Monday 18th July 2016, the 6th Africa Water Week (AWW) officially kicked off in Dar es Salam, Tanzania, and attracted about 800-1000 visitors on its first day. In total over 2000 people registered, nearly equalling it in size to the Stockholm World Water Week (SWWW), which is attracting between 2500-3000 people on average. But it’s not just the quantity that counts, it’s also the quality.
With the Millennium Development Goals (MDGs) being replaced by the Sustainable Development Goals (SDGs), this years’ conference had the appropriate theme: Achieving the SDGs on Water Security and Sanitation. Civil Society representatives made an effort to come up with clear recommendations regarding the above. And successfully so according to Chris Mzembe, Regional Director of the Millennium Water Alliance, based in Nairobi. Mzembe stated that SDG 6 – clean water and sanitation – will enable most of the other SDGs, since water is a prerequisite for among other health facilities, energy production, agriculture and fisheries. Though Mzembe warned that targets in such other fields might be causing conflicting interests and increased water stress if we don’t watch out.
Photo above: Engineer Mbogo Futakamba, Permanent Secretary for the Ministry of Water and Irrigation of Tanzania, visiting the Watershed booth during Africa Water Week. 20 July in Dar es Salam. (Photo by Tabitha Gerrets)
One of the main recommendations of the Civil Society community, also underscribed by the Director of Water of the African Development Bank, is the need for data transparency and systematic monitoring of SDGs. Civil society’s role is seen not only as a watchdog, keeping track of progress made by their governments, but also to lead by example and keep proper track of its own progress.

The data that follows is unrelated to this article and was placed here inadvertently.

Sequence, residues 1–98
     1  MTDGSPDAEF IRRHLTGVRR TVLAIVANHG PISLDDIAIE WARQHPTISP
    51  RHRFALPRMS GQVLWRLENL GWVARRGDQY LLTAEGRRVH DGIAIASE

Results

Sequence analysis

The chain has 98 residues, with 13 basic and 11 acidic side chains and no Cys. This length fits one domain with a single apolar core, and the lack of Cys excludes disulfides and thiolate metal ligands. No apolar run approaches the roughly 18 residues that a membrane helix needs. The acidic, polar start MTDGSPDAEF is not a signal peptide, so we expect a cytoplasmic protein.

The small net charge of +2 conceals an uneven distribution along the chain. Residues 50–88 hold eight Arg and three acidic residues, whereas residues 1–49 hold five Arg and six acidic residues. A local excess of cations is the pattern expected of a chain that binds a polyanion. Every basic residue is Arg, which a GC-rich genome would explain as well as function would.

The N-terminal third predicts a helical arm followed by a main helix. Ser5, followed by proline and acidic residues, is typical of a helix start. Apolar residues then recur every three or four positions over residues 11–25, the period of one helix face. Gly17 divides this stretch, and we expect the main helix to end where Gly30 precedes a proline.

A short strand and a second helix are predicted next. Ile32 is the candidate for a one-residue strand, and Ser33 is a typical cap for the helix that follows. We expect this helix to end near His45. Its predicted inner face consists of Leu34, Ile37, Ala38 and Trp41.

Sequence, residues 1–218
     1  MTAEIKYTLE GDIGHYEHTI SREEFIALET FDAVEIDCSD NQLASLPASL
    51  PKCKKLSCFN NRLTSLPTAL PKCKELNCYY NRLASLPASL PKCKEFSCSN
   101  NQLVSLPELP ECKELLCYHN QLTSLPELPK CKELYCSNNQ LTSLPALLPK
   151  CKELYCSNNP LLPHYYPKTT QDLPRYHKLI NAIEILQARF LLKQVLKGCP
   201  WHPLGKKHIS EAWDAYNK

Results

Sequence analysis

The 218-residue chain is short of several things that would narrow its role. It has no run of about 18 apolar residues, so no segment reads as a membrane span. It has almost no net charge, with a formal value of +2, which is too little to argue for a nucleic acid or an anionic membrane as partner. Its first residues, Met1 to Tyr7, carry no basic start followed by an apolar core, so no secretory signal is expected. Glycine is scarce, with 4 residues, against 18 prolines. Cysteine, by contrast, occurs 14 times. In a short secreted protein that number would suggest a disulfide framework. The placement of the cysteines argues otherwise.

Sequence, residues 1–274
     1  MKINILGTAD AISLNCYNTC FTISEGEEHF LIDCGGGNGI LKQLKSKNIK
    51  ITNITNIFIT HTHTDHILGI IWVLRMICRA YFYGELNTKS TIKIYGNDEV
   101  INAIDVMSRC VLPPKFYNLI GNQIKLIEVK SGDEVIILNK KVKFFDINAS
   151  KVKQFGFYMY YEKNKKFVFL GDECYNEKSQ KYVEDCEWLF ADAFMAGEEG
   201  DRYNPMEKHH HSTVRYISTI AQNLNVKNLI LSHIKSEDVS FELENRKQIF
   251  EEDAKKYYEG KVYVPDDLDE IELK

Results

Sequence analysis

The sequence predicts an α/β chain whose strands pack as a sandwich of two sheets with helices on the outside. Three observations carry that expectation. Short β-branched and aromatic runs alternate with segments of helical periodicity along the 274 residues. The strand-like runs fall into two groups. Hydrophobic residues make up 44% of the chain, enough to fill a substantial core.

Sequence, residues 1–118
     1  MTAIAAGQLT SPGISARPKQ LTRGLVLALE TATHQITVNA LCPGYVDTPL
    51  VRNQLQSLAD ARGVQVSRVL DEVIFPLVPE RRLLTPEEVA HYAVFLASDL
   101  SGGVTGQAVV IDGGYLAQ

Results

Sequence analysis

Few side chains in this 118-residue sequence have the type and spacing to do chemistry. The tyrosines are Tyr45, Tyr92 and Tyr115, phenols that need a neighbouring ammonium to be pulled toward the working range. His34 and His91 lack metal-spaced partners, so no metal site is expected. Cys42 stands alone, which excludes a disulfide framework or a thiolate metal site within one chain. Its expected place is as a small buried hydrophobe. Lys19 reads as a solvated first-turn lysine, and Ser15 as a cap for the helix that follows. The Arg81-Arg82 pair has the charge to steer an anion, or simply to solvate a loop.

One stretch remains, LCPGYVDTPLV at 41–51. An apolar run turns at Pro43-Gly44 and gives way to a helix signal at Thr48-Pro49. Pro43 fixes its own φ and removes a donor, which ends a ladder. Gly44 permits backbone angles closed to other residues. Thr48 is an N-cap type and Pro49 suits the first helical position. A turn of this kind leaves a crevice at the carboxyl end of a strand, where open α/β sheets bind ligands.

Doreen Kabasindi Wandera, chair of the African Civil Society Network on Water and Sanitation (ANEW) and as such the voice of Civil Society, stated that “water stands at the centre of development, […] ensuring water safety is no longer enough, we have to move to water security which is key to enable other sectors to grow.” According to Wandera, integrated water resource management (IWRM) in combination with a multisectoral approach is the only way forward.
Meanwhile, at the Watershed booth, (wo)manned by staff from Simavi, IRC, Wetlands International and Akvo, we noticed the growing interest in integrated approaches to water. The Stand was well visited throughout the week by both ministers and development practitioners interested in how we intend to integrate IWRM with WASH in this 5 year DGIS funded programme.
One of the last people to visit the booth, Peter Kovacs, head of the River Basin Management and Water Protection Department at the Ministry of Interior of Hungary, stated that Stockholm might attract more people, but it is attracting the same people and discussing the same (high tech and abstract) topics. The topics being discussed in Dar es Salam are more relevant and more down to earth. With a continent where 50% of all water resources are transboundary, the issue of transboundary water resource management really comes to life. So I’m guessing it won’t be long till the AWW surpasses its western brother the SWWW. And so it should be, since this is where the action is.
Tabitha Gerrets is Programme Manager at Akvo, based in Nairobi, Kenya. You can follow her on Twitter @TabithaGerrets
This blog was originally published on the Watershed – Empowering Citizens website.
Watershed is a strategic partnership between the Dutch Ministry of Foreign Affairs and IRC, Simavi, Wetlands International and Akvo. It’s a five year programme covering Kenya, Uganda, Mali, Ghana, Bangladesh and India, that will improve WASH and water resources governance by strengthening civil society’s capacity for lobbying and advocacy. On the picture the Watershed booth at AWW is shown while partners were receiving, Eng. Mbogo Futakamba, Permanent Secretary for the Ministry of Water and Irrigation of Tanzania.